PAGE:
Perfect Home Office – With more of us working from home than ever, the perfect home office environment has never been more important. A good home office can be the difference between achieving maximum productivity and feeling like you can never get anything done. There are a number of beginner traps that many fall into when they’re just starting to work from home; whether it’s putting the office in the wrong place, including too many distractions, or just decorating wrong, you’ll need to avoid many pitfalls when building your first home office. Here’s how to do it right!
Make sure you have plenty of cash to fund your office
Unfortunately, you’re going to have to spend money to make money in the case of building a perfect home office. That means you’ll need to have plenty of cash reserves to ensure you can pay for the things you’ll need to outfit the office with. Outfitting a home office shouldn’t cost you too much, however; even taking out £500 loans will put you on the road to building a great office that should fulfil all of your productivity needs. Just make sure you’re not flat broke if you can, because you might struggle in that case.
Keep the natural light streaming in
Natural light is pivotal for your home office. While keeping your environment illuminated is always of paramount importance, there’s a big difference between natural light and artificial light in this regard. Natural light helps boost your vitamin D levels, raising your energy and keeping you active and productive. In addition, natural light has been linked to mental health, so when work is starting to get you down, having the sunlight streaming in through your window will give you a much-needed pick-me-up.
Don’t put your office in your bedroom
While it might be tempting to turn a room into a multi-purpose environment for your office, this isn’t necessarily a good idea. By associating your bedroom space with your work environment, you’re drawing an unhappy equivalent between relaxing and working, which could mean that you’re always on edge when you’re trying to relax. If you can, try to allocate an unused room or a seldom-used room for your office space. This will help you delineate time for work and time for leisure.
Keep it quiet
Working while there’s noise going on is a surefire way to annoy you and make you lose concentration. Choose the quietest place in the house for your home office. If there’s nowhere that springs to mind, then you’ll need to figure out a way to soundproof your room. Doing so can be expensive, but it can also be hugely beneficial. It’s also a good idea to let other family members or housemates know that this is a work environment, so they’d be helping you out a lot if they kept it down.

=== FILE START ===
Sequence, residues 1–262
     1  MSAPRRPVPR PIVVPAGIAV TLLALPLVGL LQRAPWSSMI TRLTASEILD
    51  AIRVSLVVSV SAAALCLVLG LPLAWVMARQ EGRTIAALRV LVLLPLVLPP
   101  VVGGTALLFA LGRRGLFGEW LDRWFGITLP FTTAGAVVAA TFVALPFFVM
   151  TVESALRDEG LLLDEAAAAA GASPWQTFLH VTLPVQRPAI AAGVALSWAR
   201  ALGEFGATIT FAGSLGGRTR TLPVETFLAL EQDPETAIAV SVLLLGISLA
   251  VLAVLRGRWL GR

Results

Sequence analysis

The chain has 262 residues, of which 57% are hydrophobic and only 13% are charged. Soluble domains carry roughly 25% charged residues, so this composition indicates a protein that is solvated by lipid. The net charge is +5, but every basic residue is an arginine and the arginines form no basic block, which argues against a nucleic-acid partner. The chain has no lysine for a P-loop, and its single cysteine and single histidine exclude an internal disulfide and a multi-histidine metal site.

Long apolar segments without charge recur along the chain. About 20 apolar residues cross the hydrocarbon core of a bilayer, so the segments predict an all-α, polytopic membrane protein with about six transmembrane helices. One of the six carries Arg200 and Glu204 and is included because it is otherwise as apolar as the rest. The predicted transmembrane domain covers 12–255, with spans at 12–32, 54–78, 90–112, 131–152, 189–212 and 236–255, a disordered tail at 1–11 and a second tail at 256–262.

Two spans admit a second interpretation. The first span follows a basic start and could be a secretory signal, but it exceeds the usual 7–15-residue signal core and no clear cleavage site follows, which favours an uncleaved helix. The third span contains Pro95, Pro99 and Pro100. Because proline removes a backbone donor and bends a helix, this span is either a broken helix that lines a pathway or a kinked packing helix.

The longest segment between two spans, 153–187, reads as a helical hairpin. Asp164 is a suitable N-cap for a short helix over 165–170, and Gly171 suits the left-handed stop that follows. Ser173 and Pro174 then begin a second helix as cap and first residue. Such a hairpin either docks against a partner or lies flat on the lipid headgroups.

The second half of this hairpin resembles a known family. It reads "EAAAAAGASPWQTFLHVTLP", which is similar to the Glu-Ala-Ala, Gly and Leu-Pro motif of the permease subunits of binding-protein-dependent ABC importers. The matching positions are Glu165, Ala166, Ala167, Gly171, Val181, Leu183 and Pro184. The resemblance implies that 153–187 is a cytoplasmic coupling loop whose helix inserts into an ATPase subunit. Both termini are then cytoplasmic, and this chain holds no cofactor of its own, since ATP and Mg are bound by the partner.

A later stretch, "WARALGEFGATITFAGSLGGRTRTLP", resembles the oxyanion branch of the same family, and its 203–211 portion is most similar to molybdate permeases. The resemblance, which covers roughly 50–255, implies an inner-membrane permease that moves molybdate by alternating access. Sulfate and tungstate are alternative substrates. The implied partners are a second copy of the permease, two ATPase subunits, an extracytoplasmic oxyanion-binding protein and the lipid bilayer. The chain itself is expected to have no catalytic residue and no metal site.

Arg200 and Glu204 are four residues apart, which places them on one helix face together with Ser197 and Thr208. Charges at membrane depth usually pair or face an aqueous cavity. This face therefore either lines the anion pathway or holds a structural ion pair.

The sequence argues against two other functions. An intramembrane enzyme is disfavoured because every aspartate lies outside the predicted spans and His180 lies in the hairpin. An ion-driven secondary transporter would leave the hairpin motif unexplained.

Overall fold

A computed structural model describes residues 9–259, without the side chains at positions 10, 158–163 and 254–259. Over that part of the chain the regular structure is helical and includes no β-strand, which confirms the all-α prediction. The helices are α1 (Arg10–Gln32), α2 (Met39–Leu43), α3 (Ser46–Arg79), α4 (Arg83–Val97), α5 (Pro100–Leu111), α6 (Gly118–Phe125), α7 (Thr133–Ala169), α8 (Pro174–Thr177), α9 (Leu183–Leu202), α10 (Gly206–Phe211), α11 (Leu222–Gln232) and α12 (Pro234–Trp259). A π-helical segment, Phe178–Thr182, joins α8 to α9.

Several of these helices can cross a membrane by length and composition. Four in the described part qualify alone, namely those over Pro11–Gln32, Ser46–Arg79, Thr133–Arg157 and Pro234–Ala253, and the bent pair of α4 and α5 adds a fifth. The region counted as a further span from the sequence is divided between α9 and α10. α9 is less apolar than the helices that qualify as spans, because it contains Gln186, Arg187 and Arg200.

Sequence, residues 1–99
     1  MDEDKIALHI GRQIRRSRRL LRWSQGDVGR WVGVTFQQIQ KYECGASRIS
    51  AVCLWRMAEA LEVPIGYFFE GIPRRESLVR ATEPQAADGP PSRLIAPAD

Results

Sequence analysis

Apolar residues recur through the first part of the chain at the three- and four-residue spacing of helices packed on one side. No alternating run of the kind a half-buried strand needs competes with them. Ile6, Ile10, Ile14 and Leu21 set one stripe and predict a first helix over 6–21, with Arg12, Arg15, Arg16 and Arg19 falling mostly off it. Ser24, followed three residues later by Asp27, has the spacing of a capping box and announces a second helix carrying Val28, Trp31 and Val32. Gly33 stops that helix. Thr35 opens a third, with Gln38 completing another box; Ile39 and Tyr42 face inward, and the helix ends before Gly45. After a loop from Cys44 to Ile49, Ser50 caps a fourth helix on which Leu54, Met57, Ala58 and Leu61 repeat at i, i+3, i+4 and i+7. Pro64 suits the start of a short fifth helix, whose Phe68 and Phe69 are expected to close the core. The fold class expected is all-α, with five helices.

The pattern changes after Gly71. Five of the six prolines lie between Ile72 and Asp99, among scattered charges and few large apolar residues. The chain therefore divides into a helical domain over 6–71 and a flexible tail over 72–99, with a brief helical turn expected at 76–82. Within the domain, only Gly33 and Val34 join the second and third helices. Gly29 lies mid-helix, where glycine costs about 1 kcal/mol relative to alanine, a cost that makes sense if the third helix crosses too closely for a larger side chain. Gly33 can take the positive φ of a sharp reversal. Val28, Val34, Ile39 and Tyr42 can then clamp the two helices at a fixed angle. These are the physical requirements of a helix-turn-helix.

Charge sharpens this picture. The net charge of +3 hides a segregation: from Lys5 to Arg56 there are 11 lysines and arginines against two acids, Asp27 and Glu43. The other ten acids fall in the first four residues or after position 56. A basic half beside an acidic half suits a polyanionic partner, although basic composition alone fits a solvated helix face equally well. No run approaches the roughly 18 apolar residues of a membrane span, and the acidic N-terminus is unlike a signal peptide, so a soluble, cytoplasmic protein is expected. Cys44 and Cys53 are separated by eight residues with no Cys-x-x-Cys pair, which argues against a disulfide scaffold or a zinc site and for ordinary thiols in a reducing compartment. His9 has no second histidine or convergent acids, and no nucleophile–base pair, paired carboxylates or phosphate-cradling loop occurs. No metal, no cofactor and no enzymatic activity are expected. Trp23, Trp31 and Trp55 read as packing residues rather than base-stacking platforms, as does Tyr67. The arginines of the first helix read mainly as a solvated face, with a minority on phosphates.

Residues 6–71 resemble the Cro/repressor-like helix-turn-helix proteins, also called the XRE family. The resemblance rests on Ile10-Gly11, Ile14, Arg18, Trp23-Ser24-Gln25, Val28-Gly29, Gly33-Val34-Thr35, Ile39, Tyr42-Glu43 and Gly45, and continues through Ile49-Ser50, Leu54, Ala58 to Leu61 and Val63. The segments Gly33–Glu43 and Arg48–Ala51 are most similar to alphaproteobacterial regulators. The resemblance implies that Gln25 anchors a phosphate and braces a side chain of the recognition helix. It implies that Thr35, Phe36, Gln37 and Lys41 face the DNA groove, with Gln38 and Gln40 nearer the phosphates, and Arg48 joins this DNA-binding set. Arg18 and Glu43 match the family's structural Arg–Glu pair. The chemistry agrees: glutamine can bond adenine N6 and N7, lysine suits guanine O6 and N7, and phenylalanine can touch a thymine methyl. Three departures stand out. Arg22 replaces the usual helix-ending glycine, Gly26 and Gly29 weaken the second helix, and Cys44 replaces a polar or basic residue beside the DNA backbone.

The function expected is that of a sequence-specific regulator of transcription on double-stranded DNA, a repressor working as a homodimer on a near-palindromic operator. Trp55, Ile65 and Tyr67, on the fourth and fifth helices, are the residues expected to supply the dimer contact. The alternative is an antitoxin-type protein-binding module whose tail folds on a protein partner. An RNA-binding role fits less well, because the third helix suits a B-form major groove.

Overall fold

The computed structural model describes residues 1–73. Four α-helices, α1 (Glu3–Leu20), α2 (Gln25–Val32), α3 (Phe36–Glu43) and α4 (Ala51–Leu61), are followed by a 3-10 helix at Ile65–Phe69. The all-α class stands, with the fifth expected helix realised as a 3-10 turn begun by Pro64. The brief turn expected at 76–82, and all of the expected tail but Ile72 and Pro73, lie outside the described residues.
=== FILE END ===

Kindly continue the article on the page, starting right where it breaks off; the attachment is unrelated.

Display artwork and photographs
One of the best ways to decorate your home office is to display artwork you love or photographs you’ve taken (or that mean a lot to you). These personal touches can help to get you through tough periods at work, and they can remind you why it is you’re working in the first place when you’re feeling down. Keep the artwork tasteful and not overly provocative, and don’t display photographs that are going to provoke a strong emotional reaction, as these might serve as distractions.
Get rid of any distractions
Distractions are lethal to your productivity. You should ensure that there are as few of them in your home office as possible. That means not having a TV or gaming console in your home office, as you’ll be tempted to use them during lulls in work when you could be doing other things. You can include small distractions in your office; items like executive toys or stress balls can be great for helping you relieve tension. Just make sure you’re not wasting hours of your working time watching TV.
Choose your furniture well
You’re going to be spending a lot of time in your home office, so it’s essential to make sure that the furniture is comfortable and ergonomic. This goes for your computer desk, as well as your chair and any other furniture you’ll need. Don’t skimp on the cost if you can help it; buying a cheaper alternative could simply mean that it falls apart faster or doesn’t have the features you need. Make sure the furniture in your office is good and it’ll look after you as well.
Don’t neglect storage
Any typical home office is going to have storage needs. You’ll need somewhere to put equipment you’re not using, as well as any potential physical documents or assets from your job that you need to store. That’s why you should make sure you have a logical, ergonomic storage solution in your office. Create a system for organising and labelling all the things you’re storing, too; you don’t want to lose things or be unable to find them in a pinch.
Use neutral colours
Another important decorating tip, as well as displaying artwork and photographs, is to try and use neutral colours for your home office if you can. Bright, strong colours will only serve as a further distraction. You don’t have to be boring; if magnolia is your enemy, then use muted shades of green, blue, or purple, for example. Just try to make sure that your home office environment isn’t too “loud” visually, or it’ll make things worse for you when you work.
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